Learn to code in multiplayer game part 3
Making a multiplayer game with React Hooks is hard
Previously I mentioned that I had ported a large chunk of the backend logic to the frontend and some of that code was using recursive
setTimeout to achieve unit movements and attacks. I said I would convert
React.useEffect hook. Well I did, and the result is less than splendid.
From a developer point of view, the code is much cleaner and easier to wrap my head around than the previous recursive
setTimeout, but from a player’s perspective, this has been disappointing. The performance dropped significantly to a degree where I could see the frame rates due to lag.
I’ve tried several performance improvements that usually do the trick for all the webapps I’ve previously built which includes a multiplayer turn-based game. That one’s called ZombearsAttack if you’d like to play with friends but it requires a group of 5 players+ for each round.
For example, I’m implementing
React.useCallback for the heavy calculations then only passing the function variable into
React.useEffect dependency array to be called, which helps with caching but still no dice.
Usually we’re not too concerned with rerenders as it’s relatively cheap, but there’s just too many rerenders with this one. To be fair, this game has a lot more moving parts than the typical webapp.
Even so, I’m committed to making this work so I purchased a course to learn more about advanced React performance debugging which cost -$600 😭 , but I also spend more on takeout in a month so I’m not really complaining.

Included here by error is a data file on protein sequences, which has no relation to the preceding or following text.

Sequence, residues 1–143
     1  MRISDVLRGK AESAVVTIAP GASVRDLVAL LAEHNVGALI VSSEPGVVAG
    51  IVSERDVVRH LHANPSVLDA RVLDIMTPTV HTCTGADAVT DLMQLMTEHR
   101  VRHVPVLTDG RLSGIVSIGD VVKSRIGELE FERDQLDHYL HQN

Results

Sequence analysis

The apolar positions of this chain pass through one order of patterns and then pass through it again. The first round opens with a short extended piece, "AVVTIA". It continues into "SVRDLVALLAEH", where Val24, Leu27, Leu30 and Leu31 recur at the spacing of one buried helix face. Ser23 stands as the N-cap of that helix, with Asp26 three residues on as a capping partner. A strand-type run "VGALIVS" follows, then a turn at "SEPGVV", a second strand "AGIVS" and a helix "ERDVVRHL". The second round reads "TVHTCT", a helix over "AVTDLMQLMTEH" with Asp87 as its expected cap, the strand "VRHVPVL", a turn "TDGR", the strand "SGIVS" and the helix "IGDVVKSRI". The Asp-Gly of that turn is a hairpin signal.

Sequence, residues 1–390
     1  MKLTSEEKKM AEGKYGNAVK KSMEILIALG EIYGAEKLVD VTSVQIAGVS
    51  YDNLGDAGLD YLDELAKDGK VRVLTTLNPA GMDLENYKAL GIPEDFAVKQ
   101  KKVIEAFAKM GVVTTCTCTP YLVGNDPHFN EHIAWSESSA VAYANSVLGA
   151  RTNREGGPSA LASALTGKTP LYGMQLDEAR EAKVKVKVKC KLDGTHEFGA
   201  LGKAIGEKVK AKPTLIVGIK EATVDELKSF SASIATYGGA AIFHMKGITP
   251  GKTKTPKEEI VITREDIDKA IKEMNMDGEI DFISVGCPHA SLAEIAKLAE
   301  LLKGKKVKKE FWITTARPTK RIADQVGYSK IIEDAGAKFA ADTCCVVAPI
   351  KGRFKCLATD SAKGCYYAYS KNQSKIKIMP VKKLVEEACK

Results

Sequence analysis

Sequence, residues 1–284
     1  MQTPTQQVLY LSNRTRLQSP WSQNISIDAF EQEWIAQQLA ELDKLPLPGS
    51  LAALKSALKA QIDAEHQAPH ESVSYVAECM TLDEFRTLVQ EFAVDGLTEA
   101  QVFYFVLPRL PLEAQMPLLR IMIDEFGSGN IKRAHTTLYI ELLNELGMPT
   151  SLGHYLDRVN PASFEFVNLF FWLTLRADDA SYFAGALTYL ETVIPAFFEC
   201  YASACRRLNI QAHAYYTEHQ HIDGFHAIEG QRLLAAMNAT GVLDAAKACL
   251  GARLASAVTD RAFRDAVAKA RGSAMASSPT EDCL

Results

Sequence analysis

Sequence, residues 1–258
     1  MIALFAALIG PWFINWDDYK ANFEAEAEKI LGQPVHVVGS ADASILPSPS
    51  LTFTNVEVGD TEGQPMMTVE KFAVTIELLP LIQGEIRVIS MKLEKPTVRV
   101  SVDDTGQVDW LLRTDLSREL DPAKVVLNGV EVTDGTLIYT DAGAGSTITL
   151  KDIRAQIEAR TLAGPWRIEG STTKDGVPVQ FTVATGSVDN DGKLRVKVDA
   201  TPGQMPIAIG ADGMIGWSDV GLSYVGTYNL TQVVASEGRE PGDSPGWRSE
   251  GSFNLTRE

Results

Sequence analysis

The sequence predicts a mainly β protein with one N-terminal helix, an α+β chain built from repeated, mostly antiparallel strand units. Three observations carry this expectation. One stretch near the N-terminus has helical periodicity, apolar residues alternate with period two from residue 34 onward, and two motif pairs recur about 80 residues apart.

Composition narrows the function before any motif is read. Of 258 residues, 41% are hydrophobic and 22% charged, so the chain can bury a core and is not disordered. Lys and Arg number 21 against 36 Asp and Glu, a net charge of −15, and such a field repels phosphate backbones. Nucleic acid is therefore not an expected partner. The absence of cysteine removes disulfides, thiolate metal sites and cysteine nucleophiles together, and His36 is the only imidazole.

To wrap up, I very much prefer this way of using side effects to move units rather than recursive
setTimeout, but sadly I’m going to have to park this for now as I learn more from that course.
Of course I didn’t deploy this version of the app given the state that it’s in, but I did deploy a different version of the app this week where I fix a bug that sporadically prevents a player from writing the last closing quote to create a new unit. This one was hella tricky as the error itself seemingly had nothing to do with typing that last closing quote. More on this in the next article!
The premise for the WaddleWaddle app is to embody a combination of comprehensive learning platforms such as Codecademy and good old video games that keep you entertained and wanting to do more.
I’ve always enjoyed strategy games since I was four and more recently I had a really fun time playing Clash Royale, so I’m putting these two very different systems together in as complimentary of a way as possible to bring you a totally new learning experience.
- To make learning code less intimidating and more enjoyable, entertaining, and approachable.
- To raise awareness that anyone who wants to be a software engineer can be a software engineer.
- To make lessons more accessible for more people.
Join our Discord community, I’m always happy to chat about code!
I will be blogging about technical challenges, mistakes made, and lessons learned while building the WaddleWaddle app. Follow me here if that’s a journey you’d like to read about!